It is a long story but the simple explanation is that a week ago we experienced a power surge at our home that disrupted normal life. The culprit was an underground device that regulates the voltage coming into the house. Light bulbs broke, one light fixture exploded, the oven quit working, two air condition units ceased cooling, my computer crashed, the internet router died, the coffee maker is dead, and a few other minor problems occurred.

No Power Words Electrical Cord Outlet Electricity Outage Stock Image

The internet service provider is supposed to be here tomorrow- the fourth one that has paid us a visit. I am hopeful that everything will be back to normal by the time you read this. But who knows.

This has been a frustrating week. Yeah! It has been a stark reminder of how much we/I depend on technology to be able to stay in touch and how helpless I feel when the devices fail.

Pen and paper

I don’t use pen and paper as often as I did in the “olden days.” So simple things like preparing a Sunday School lesson, a funeral eulogy, and writing a letter seemed almost impossible. My research for a series of upcoming classes was locked away in the metal box that houses the hard drive of my computer. It was complicated to make an appointment for service personnel to assess the damage and make repairs.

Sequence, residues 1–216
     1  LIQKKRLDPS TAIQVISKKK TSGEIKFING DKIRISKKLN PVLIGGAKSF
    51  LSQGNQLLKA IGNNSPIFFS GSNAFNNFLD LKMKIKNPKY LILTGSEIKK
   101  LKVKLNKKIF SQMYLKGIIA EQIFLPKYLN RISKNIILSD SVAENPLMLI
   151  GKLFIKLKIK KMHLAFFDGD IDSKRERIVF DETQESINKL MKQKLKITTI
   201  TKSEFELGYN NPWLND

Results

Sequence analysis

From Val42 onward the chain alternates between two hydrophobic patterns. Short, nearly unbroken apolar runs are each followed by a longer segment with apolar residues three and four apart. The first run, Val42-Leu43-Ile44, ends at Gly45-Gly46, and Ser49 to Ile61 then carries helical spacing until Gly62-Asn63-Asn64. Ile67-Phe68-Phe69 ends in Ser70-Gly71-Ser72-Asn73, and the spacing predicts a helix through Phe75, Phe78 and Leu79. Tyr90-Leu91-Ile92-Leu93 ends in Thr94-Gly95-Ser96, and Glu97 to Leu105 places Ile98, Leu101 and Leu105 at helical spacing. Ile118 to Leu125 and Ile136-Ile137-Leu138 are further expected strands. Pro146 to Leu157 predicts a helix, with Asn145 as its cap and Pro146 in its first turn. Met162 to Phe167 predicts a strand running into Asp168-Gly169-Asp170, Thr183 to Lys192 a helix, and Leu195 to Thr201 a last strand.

Concept Or Conceptual Abstract Word Cloud Stock Image

Under the best of circumstances communication is complicated. Words have different meanings to different people and at different times. Tone of voice, facial expressions, body language, environment, and a myriad of other factors make it difficult for accurate information and feelings to be shared. Effective communication is extremely important and incredibly complex.

Talk to God though short little prayers

I am glad that communication with God is not that hard. You don’t need any devices. Sometimes not even words (Romans 8:26). Our thoughts and intentions are known by God (Acts 15:8) so we don’t have to learn any technique or a new language. We can have confidence that our prayers are heard and, when offered with faith, are answered (Matthew 21:22).

 

The lyrics of an old gospel song has a simple message about how to communicate with God. “Jesus on the mainline, tell him what you want” suggests that the Lord is “on call” and you could just relay your needs to Him. Simple, huh?